I should state my biases here. Firstly, I’m a physician who specializes in prevention medicine. My life’s work and passion is working with patients to prevent diseases before they happen.
Secondly, having been born in the early 1970’s and having travelled to Africa and South America, I am indeed fully vaccinated.
When I travel to a malaria endemic area- I take antimalarial medication. When exposed to a patient with active Tuberculosis, I start suppression therapy. If I have a needlestick injury at work in a high risk situation I will start HIV prophylaxis.
I always wear a seatbelt regardless of who is driving and my bike helmet is my best friend.
It is safe to say that when it comes to injury and disease, I like to leave very little to chance. As a scientist, I like to have as much science on my side as possible.
When I was a kid, vaccinations were not up for debate. Times were different. My parents were the polio generation. They had all-too-vivid memories of a school friend or neighbour who wound up contracting the illness. My parents came of age when Jonas Salk revolutionized the way we look at diseases.
Infections were no longer messes to clean up after. No longer did we hope and pray…. we vaccinated.
This was the dawn of a new age. Diseases could be prevented. And vaccines were just the beginning. A shift in medical thinking trickled down into our cultural psyche as well.
Seatbelts were scientifically proven to prevent traffic fatalities. Seatbelts became the law. Second hand smoke was shown to cause cancer in those exposed and smokers were legally delegated to certain sections of the world. Studies show that kids who fall off their bikes and hit their head without a helmet don’t do as well. It is now law for children to wear bike helmets.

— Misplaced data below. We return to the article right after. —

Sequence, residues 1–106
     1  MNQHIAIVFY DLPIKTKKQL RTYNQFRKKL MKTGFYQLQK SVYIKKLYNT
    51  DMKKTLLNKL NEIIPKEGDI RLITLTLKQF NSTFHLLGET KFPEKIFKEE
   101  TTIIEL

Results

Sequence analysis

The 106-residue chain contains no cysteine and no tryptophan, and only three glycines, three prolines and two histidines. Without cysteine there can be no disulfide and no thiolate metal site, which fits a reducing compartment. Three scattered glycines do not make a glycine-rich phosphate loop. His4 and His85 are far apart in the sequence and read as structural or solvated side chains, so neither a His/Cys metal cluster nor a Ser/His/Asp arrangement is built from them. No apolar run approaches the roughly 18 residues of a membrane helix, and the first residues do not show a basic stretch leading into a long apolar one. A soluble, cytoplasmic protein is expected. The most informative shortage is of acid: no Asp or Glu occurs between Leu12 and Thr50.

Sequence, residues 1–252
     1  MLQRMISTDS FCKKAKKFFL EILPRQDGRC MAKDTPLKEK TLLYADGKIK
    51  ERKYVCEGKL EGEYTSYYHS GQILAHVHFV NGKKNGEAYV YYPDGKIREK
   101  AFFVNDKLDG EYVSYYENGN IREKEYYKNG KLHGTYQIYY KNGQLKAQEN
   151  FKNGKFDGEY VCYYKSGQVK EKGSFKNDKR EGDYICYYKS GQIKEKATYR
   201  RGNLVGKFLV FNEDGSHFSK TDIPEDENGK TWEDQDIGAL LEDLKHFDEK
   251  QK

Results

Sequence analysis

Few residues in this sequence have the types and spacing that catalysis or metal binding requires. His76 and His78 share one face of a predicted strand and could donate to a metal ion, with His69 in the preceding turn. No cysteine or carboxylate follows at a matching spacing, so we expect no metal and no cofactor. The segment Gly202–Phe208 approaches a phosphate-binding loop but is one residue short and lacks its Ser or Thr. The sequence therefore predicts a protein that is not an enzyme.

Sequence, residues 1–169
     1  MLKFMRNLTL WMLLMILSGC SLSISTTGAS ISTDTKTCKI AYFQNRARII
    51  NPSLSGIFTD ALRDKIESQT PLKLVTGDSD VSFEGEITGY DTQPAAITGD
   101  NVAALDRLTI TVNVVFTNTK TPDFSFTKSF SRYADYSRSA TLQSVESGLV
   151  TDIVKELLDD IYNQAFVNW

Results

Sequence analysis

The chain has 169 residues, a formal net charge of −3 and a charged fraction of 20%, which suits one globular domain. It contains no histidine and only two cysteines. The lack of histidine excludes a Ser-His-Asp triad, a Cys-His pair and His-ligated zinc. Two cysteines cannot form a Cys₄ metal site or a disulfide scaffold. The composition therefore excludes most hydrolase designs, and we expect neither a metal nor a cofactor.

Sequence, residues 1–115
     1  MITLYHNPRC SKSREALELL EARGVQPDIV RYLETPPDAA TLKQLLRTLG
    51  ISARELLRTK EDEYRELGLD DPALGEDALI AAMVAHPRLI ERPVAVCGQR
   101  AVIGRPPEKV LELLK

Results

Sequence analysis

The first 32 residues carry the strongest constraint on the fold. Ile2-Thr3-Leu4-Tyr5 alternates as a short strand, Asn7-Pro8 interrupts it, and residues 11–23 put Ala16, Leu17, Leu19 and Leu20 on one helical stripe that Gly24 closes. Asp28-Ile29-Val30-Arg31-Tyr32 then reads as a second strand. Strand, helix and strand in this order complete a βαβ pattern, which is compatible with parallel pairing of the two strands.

We live in a world where no longer do we let our kids drink from certain “sippy cups” lest they be exposed to “something in the water”. My generation came of age at the dawn of prevention and has, in some areas, taken it to a whole other level.
But I wonder if we have gone too far. In an age to prevent exposures to ANY toxins have we fallen off the other side?
I am talking about vaccinations; Measles in particular.
In January 2014, the medical community celebrated the eradication of Polio worldwide. Smallpox has also been eradicated and daily we hear of new advances as the scientific world marches towards an HIV vaccine.
And now, measles is back.
The Measles vaccine was first introduced in 1963. The MMR vaccine, which covers Measles, Mumps and Rubella was first introduced in 1971. Five years before the vaccines was introduced, 500,000 people suffered annually from the measles.
The measles is caused by the rubeola virus an RNA virus of the genus Morbillivirus, family Paramyxoviridae. It is transmitted by droplet infection. It typically manifests itself with a flu like illness followed by a rash. The entire illness lasts about two weeks. People with measles are contagious for 4 days before they develop the rash and for four days after the rash subsides in addition to the time the rash is present ( a total of 12-14 days). Complications from the measles include pneumonia in 5 per cent of patients. Encephalitis (infection in the brain) develops in 1/1000 patients and death rates are 1-3/1000 patients.
This may not seem like significant numbers. But let’s recall that measles is PREVENTABLE.
The vaccine confers immunity with a single dose in 95 per cent of people. Children should be vaccinated just after their first birthday. In 1985 the CDC recommended a second dose vaccine due to falling rates of immunity. A second dose of the vaccine is given by age four. Alternatively people who have not been given a second dose of the MMR vaccine who travel to Measles endemic areas are given a second dose of the vaccine. Two doses of the MMR vaccine offer 99 per cent immunity. A small percentage of people fail to mount an immune response and are considered vaccine failure.